Among the coverage issues highlighted in the study:

  •  Only ten of the 442 articles (2.3%) covering NYC intimate partner homicides from 2013-16 included an intimate partner violence advocate or expert as a source;
  • Only 15% of articles used terms such as “domestic violence,” “intimate partner violence,” or “domestic abuse,” and less than 8% of articles described the homicide as being intimate partner violence-related;
  • Less than 6% of articles framed the homicide within the broader social problem of intimate partner violence;
  • Only seven articles (1.6%) listed intimate partner violence resources for readers.

The study also found that homicides involving victims who were men and perpetrators who were women were covered differently than those that involved victims who were women and perpetrators who were men, respectively.

“Intimate partner homicides were typically reported as isolated incidents with no mention of ‘domestic violence’ or ‘intimate partner violence,’” the study said.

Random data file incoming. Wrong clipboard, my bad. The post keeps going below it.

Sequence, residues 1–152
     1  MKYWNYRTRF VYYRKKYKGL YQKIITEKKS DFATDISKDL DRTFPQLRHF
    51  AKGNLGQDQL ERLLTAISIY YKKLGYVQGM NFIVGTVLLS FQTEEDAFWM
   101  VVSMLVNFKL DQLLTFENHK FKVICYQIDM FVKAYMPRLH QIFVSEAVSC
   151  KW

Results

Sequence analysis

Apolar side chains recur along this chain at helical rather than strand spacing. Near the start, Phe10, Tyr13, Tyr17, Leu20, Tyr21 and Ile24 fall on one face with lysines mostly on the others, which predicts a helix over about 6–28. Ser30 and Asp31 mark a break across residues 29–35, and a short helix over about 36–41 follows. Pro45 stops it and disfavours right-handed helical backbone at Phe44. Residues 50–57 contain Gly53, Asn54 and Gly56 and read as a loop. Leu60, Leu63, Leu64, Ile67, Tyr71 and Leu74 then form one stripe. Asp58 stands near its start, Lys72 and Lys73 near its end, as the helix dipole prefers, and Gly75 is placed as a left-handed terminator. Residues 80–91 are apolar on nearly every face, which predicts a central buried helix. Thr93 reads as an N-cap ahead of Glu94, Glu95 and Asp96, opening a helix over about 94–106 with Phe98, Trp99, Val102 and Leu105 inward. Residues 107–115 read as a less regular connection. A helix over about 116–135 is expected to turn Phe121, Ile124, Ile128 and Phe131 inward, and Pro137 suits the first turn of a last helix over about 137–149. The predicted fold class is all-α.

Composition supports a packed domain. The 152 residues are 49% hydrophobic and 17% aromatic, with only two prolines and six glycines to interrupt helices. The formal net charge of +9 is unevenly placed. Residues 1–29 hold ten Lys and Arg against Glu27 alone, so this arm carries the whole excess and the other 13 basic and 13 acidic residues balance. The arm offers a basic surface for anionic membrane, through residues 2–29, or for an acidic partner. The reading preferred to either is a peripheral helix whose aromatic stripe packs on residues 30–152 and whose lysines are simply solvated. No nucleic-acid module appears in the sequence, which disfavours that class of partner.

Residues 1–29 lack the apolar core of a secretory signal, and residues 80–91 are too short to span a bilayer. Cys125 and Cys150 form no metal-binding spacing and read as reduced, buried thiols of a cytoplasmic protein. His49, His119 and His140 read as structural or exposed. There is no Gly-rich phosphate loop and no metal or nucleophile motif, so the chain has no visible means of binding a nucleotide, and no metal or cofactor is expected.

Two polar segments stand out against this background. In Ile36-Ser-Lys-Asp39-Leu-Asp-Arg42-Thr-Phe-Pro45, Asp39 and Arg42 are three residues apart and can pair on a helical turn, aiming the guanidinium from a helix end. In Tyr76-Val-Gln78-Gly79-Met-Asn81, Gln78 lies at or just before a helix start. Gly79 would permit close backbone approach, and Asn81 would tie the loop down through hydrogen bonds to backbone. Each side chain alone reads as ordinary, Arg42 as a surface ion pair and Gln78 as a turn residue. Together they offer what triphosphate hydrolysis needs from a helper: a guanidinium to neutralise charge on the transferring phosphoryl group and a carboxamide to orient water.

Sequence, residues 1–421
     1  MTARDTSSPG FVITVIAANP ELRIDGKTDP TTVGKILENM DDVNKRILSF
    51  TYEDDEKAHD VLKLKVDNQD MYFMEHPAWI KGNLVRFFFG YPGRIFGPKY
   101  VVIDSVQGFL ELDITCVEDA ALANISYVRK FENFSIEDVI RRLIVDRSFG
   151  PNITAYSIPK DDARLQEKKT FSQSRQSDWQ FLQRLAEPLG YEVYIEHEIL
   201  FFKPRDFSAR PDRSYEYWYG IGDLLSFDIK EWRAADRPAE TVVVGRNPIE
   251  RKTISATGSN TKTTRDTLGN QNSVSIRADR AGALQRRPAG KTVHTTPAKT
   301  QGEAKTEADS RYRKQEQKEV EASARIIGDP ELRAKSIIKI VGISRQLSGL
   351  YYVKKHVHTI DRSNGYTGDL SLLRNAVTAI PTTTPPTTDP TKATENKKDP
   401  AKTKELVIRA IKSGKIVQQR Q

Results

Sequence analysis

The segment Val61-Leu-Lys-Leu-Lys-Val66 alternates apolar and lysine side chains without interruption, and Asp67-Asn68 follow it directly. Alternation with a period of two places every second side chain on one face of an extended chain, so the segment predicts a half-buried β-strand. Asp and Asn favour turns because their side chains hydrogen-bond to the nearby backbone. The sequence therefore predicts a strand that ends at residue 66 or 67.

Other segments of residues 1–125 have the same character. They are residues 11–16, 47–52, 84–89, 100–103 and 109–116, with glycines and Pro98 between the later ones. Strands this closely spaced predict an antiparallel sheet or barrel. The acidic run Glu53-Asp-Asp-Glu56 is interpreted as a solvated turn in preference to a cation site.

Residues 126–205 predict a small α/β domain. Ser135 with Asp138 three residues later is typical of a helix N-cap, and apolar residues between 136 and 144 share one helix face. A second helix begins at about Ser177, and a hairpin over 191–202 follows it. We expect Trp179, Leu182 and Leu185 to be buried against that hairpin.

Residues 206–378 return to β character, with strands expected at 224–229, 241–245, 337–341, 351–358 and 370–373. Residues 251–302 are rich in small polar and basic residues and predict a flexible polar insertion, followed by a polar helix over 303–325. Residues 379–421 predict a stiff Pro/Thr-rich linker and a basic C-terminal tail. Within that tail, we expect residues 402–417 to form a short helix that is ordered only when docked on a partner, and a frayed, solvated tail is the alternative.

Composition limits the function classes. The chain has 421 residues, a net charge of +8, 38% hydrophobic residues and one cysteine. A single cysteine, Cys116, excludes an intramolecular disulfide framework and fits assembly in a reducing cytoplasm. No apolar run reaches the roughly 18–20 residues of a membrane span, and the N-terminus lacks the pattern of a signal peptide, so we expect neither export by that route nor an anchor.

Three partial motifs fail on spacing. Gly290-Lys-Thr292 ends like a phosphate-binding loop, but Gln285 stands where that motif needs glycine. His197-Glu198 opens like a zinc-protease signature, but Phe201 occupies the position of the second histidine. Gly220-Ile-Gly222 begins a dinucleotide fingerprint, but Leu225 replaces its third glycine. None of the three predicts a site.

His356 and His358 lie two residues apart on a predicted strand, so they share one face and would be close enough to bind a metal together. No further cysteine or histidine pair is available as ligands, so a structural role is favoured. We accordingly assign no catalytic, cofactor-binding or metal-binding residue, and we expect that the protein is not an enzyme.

“Given the role of the media in driving conversation about present issues, more effective coverage includes framing each domestic violence or IPV incident within the larger social problem.”

But the authors said journalists should do more than just “name the problem:” they should “identify trends and patterns as well as gaps in the system’s response that should be addressed.”

And they recommended that domestic violence agencies and advocate groups support journalists by providing up-to-date information and statistics on domestic violence “at an aggregate level.”

Editor’s Note: For additional sources, reports and coverage on Intimate Partner Violence, see TCR’s resources page. 

Summary prepared by Stephen Handelman, executive editor of The Crime Report. Readers’ comments are welcome.

from https://thecrimereport.org